26 – Adrian Gromadzki (F), 17, HC Dynamo Pardubice U17 (NR)
Gromadzki would have been ranked last year if he met the age requirement. He was, unfortunately, playing in a Czechia junior system that shut down less than ten games in. He recorded three goals and four assists in his five games, Which were 9th among players in points per game that played five games in their draft-eligible -2 season. He has got the size and offensive touch that will get him attention outside Poland. He is set to play at the Czech U20 level next season.
25 – Jakub Bukowski (F), 21, STS Sanok (64, +36)
Bukowski has long been a good player for a long time abroad, but it was mainly in the second level of junior leagues in Czechia and Switzerland. Still, he has shown a lot of promise, and we put him as the U23 player to watch on Sanok. Most of the professional level hockey players in Poland, Bukowski delivered on that with five goals and six assists in 40 games. The second most points by a player in the draft-eligible +2 season. His ceiling is hard to tell, and he will need to continue to bulk up. The more time we get with him on Sanok, especially on the team improves, will help see what he can fully become. Right now, though, it appears his floor is a solid PHL middle-six forward.
24 – Sebastian Lipiński (G), 21, Unia Oswiecim (31, +7)
I think imports have a considerable place in Polish hockey, but there is no doubt that there is starting to be a problem with how few young goalies are playing. Lipiński is our top-ranked goalie who played four games in the PHL last year. He recorded a save percentage of .900, which is the highest of his career in the PHL. The rumors suggest that Lipiński will be playing in the U.K.’s NIHL, the second level of men’s hockey in the country. Not much else to say about it. There is a problem with Polish goalie development in a significant way. There is nowhere for them to play appropriately.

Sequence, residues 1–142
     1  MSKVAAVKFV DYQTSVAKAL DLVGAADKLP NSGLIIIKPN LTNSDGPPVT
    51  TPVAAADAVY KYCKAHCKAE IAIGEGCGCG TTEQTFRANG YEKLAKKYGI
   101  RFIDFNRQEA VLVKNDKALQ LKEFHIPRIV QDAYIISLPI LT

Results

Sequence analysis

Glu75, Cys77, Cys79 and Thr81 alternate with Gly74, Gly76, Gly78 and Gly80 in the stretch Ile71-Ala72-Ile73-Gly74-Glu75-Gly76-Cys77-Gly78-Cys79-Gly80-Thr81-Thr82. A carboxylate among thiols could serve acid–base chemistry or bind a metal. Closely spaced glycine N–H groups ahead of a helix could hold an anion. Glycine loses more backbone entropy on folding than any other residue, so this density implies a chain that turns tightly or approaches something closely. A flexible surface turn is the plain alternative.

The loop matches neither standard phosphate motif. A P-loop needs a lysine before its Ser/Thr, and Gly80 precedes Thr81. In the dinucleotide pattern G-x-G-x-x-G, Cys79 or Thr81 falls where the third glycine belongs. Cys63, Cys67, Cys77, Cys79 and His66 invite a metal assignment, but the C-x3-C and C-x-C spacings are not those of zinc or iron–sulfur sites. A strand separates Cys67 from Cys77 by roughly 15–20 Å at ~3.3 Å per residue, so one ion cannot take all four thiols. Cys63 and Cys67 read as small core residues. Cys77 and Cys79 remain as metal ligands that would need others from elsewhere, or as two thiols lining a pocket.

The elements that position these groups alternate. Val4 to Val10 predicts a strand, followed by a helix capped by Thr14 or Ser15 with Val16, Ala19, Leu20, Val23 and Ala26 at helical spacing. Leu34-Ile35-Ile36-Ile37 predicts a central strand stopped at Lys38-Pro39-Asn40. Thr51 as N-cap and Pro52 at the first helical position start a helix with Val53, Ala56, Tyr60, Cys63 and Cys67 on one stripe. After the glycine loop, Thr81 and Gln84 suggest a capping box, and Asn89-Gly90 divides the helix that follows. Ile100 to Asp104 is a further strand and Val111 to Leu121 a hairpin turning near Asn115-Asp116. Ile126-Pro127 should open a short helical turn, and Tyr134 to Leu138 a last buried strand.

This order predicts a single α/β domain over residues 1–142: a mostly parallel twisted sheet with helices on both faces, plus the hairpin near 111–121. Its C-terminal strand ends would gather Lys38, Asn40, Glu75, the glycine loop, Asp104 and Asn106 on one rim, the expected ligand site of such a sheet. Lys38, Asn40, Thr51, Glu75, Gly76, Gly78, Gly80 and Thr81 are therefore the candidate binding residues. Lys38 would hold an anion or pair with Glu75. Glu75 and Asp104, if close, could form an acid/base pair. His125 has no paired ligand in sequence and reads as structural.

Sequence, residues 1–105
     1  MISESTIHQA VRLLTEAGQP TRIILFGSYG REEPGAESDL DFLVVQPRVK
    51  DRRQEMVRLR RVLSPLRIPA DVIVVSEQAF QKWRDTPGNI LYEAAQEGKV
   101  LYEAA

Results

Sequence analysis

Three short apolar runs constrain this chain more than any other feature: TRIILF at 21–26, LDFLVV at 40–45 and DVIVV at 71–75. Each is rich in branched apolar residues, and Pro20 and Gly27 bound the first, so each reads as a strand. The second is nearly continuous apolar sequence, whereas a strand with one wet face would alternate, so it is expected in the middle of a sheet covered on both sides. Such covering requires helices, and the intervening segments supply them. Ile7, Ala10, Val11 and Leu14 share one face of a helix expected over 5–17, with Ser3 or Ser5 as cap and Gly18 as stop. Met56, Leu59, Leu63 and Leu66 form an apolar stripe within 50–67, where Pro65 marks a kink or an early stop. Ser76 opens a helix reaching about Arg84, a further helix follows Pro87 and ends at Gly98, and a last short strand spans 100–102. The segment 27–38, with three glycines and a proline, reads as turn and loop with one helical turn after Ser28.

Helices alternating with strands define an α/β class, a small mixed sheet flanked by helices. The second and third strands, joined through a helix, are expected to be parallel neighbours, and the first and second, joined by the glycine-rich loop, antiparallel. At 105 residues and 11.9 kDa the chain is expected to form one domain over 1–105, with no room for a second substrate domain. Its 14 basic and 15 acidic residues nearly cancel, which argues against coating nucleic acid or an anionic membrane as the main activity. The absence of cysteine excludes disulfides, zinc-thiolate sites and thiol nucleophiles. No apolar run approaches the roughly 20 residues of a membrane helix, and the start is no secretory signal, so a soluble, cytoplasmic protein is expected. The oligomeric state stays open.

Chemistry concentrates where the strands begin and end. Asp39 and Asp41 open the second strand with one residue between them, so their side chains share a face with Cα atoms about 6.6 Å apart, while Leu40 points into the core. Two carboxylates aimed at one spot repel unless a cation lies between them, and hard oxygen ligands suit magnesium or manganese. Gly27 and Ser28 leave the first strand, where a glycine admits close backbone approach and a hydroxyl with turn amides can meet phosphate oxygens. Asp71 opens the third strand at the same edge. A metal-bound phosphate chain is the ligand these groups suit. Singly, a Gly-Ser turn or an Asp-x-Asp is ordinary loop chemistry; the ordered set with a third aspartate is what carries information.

23 – Kacper Gruzla (F), 22, GKS Tychy (49, +26)
From barely making the top 50 to being right smack dab in the middle, Gruzla comes in at 23. Gruzla forced the Tychy staff to play him as much as possible. This was the first big taste of the PHL for the Mikolow native. He had previously played 14 games with PZHL U23, but only one with GKS Tychy. This year, he found himself with 22 games and responded with five goals and three assists. His nine points tied him for the 13th best point per game average among all U23 skaters, it is tied 9th among Polish players. Gruzla went from a young player looking to make an impression to a part of GKS Tychy’s everyday lineup.
22- Klaudiusz Libik (D), 20, Vålerenga U21 (12, -10)
Libik is a player I like a lot and I see a chance for Poland to have something their lineup often lacks. Which is a defenseman good enough to play in leagues stronger than the PHL. Libik worked his way up to the top junior leagues of Norway. In the end, his lack of experience, inconsistency, and quick changing of teams has resulted in a player with mixed development. This past year Libik managed a goal and an assist in seven games with Vålerenga U21, his third U21 junior team.
Now next year, he will be turning professional in Norways’ 2nd league. This is the perfect place for him to gain constant playing time against senior talent while developing. Hopefully, his flaws should not bite his game as much.
21 – Mateusz Bezwiński (F), 20, Cracovia Krakow, (26, +5)
Bezwiński’s improvement seems to get larger and larger every year. As the soon-to-be 20-year-old finished 5th in points among U20 skaters with three goals and three assists in 19 games, it was 3rd in points per game. In the MHL, he recorded 12 points in nine games, which is a tad bit better point per game average than the previous year. This is a bit more notable because of how many players lost points from the year prior. Krakow has a large batch of young forwards; hopefully, Bezwiński’s growth rate continues. He no doubt would have been one of the leaders at the U20s this year for Poland.